2 Colgate vs 3 Quinnipiac 7:37
As noted in my column two weeks back as well as in Nate’s Wednesday write-up, Colgate has been a remarkably healthy team. This builds consistency and chemistry of course, and the Raiders’ 12-3-3 record in 2014 bears that out. The question mark on Colgate is on the front end: Since February, the Raiders have been hot and cold offensively, only once putting up three or more in consecutive games. As for their opponents, the Bobcats are – statistically speaking – one of the top teams in the nation, and they probably could have been even better had senior Jordan Samuels-Thomas not missed six games due to injury. It may seem odd to pin such importance on QU’s fifth-leading scorer, but the offense simply performs better when “JST” is in. His presence is either tremendous or terrifying depending on your affiliation, because he brings the boom as well as anybody else in the league. That influence truly swings the balance of power when his line is on the ice, as opposing puck-carriers feel a lot more pressure… which gives QU a lot more puck possession. In case you were wondering, QU beat Colgate 7-2 in Hamilton – with JST – in the fall; without him in last month, the Bobcats fell to the Raiders 3-1 in Hamden.

Don’t get me wrong: Samuels-Thomas is not the be-all, end-all of QU’s success, but the Bobcats are a different team with him in the lineup. A much better, much stronger, much more confident, and much scarier team. I like that team. A lot. Bobcats to the finals, 4-2.

Nate: I like Quinnipiac a lot, and wouldn’t be surprised to see them in Philadelphia next month. But, I like what Colgate has done in the second half. This is a young team, but they seem to be getting more and more confident as the year progresses. I might change my mind sometime during the four-hour drive to Lake Placid tomorrow, but I’m taking Colgate.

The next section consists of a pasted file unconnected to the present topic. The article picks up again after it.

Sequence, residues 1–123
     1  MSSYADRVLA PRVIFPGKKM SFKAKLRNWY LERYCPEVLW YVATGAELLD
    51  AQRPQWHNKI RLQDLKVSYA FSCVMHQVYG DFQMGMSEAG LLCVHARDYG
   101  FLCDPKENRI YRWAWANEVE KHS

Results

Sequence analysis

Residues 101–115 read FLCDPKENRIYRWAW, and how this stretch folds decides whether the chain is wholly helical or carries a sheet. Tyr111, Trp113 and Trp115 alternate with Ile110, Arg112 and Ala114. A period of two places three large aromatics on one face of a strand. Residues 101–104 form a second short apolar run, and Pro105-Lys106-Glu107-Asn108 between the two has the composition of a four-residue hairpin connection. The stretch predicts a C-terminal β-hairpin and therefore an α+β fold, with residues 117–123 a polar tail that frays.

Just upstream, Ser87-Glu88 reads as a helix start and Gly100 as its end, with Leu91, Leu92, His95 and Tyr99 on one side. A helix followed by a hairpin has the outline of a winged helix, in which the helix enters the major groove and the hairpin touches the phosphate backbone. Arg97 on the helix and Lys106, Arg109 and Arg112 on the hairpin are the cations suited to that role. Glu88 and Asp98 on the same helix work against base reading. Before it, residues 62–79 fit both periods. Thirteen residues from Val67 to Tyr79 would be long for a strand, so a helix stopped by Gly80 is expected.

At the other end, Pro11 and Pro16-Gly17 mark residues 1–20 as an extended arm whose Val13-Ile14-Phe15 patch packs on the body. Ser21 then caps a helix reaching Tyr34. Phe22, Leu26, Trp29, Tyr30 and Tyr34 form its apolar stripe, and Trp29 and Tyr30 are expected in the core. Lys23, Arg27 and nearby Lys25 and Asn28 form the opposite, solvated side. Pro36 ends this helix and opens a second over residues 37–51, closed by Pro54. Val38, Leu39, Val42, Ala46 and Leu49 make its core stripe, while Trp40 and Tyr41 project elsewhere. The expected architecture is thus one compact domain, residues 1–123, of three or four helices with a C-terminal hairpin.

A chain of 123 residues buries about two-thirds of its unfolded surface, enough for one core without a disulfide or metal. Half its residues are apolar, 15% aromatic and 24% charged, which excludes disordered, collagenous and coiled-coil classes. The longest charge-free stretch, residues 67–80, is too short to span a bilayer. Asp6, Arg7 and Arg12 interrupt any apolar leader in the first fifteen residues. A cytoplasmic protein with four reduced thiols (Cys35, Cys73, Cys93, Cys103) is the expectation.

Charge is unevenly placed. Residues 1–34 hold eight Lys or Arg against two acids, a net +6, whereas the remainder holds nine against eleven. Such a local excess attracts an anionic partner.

Saturday, March 22

1 Union vs 3 Quinnipiac? 7:37
If this indeed winds up being the title-tilt tandem, I just don’t know what to say, other than DO NOT MISS THIS GAME. It should be the dooziest of doozies. These teams split a pair of incredibly entertaining games: 6-4 Union in Schenectady was frantic and frenetic; QU’s 2-1 home win was an exemplar of solid defense and excellent goaltending. Ergo, I really don’t know what to expect… I suppose the traditional first-period feel-out, where neither side presses much, is likely; after all, a title is at stake between two teams that have already punched their NCAA tickets. At some point though, one of the many gifted playmakers on the ice will find enough space on the big sheet to test the keeper… and then we have a game. The Bobcats have better special teams than the Dutchmen, but Union goalie Colin Stevens has significantly better numbers than Q’s Michael Garteig. Honestly, those are the only major differences or edges I can identify. If this ends up being a special-teams battle – where the refs aren’t afraid to call penalties – edge goes to Quinnipiac; if the stripes swallow their whistles, I’d give Union the advantage.

Given that it’s the championship game, and I have to make a pick, I’m going to guess a low-penalty slugfest. JST aside, Union will like the five-on-five game against QU way more than playing the PP-PK game. Dutchmen, 3-2… I think!?

Nate: While I differed with Brian in the Colgate/Quinnipiac game, I’m agreeing with him here. Union over Colgate for the school’s third-straight Whitelaw Cup. A loss might not necessarily end the Raiders season;  they could stand to get an at-large bid to the NCAA tournament, depending on how the rest of the conference championships shape up.

Bonus material

Nate and I will be in Lake Placid of course, and at some point this weekend we hope to sit down with ECAC Hockey commissioner Steve Hagwell specifically to ask him your questions. Therefore, submit some questions! You’ve got a few ways to do this: email me (brian.sullivan@uscho.com), Tweet me, or leave queries in the comments below.